Power of Attorney
Lasting Power of Attorney
While you have mental capacity, you can set up a Lasting Power of Attorney (LPA) to give someone the authority to make decisions on your behalf. This person is known as an attorney, while the person who makes the LPA is called the donor.
There are two types of LPA.
- A Property and Financial Affairs LPA covers decisions about the donor’s property and money.
- A Personal Welfare LPA covers decisions about the donor’s healthcare and personal welfare.
You could also set up an Ordinary Power of Attorney, which gives someone else the power to handle your financial affairs for you.
It's only valid while you have mental capacity to make decisions about your finances, so you can keep an eye on what the attorney is doing.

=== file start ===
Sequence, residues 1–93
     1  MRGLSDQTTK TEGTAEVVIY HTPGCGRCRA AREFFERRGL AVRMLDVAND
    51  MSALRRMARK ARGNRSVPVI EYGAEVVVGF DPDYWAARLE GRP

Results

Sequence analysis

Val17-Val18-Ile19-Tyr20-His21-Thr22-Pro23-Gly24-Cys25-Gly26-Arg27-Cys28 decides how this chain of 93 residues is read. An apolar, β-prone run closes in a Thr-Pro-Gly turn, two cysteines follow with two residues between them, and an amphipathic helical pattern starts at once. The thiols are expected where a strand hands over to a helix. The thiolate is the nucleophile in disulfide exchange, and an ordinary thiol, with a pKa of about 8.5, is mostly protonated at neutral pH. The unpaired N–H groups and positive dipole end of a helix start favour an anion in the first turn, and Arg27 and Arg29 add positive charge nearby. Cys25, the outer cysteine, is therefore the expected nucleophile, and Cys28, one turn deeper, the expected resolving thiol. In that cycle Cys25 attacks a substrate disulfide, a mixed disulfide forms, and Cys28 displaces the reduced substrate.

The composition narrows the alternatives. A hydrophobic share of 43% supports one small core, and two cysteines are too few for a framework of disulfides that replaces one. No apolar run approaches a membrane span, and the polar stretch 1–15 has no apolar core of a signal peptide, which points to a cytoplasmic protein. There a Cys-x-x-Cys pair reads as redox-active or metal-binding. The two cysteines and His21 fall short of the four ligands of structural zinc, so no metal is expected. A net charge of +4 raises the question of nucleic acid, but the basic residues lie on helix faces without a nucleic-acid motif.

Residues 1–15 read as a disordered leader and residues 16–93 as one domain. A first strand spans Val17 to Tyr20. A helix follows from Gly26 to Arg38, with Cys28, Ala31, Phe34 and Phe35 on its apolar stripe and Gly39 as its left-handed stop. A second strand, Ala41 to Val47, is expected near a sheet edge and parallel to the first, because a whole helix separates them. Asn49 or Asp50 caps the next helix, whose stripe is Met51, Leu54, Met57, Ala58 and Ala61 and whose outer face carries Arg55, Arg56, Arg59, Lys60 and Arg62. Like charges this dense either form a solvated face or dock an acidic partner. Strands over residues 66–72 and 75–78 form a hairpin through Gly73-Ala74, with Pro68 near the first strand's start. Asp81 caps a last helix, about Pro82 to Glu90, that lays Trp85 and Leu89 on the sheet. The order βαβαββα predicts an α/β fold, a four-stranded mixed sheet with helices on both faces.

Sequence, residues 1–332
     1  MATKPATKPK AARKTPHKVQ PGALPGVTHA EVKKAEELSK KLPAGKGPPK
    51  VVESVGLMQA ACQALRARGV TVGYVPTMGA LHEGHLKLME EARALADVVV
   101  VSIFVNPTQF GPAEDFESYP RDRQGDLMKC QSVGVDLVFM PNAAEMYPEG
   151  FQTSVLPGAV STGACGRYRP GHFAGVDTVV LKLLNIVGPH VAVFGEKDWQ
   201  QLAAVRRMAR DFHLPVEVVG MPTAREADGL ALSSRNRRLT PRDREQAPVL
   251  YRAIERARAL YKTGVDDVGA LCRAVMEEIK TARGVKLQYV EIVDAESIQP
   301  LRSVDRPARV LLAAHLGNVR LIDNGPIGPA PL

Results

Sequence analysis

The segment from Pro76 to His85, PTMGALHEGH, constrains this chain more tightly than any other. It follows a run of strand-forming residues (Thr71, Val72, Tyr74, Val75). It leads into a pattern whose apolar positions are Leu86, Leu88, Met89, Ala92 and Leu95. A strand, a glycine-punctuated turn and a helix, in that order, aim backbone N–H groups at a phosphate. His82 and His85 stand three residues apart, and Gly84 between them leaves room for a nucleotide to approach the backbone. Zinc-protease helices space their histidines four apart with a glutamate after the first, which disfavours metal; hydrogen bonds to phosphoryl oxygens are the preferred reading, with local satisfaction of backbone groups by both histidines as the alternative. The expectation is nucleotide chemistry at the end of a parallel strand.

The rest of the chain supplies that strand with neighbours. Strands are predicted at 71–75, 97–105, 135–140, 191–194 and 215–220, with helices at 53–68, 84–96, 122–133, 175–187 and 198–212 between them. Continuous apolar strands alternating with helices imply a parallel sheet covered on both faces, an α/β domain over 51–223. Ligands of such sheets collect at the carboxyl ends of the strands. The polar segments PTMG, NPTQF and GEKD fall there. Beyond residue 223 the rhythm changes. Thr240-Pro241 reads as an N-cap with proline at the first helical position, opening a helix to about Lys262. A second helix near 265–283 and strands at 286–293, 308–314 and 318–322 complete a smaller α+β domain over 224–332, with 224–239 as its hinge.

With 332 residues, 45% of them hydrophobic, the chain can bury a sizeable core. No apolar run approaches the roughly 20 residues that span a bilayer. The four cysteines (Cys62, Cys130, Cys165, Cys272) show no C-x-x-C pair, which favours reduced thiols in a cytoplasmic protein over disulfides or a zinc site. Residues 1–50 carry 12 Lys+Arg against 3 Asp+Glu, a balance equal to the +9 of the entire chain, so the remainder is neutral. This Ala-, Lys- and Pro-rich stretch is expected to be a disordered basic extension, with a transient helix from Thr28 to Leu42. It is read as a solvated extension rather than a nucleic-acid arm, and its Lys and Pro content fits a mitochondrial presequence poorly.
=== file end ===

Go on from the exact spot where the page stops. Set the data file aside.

The role of attorney involves a great deal of power and responsibility, so make sure you think carefully about who you choose. You must be able to trust them to make decisions in your best interests.
If you set up a Personal Welfare Power of Attorney, it's important that you inform us, and anyone else who deals with your healthcare (for instance hospitals or the Social Services, if you are currently known to them), so that we are aware of and can take this into account in current and future discussions about your healthcare.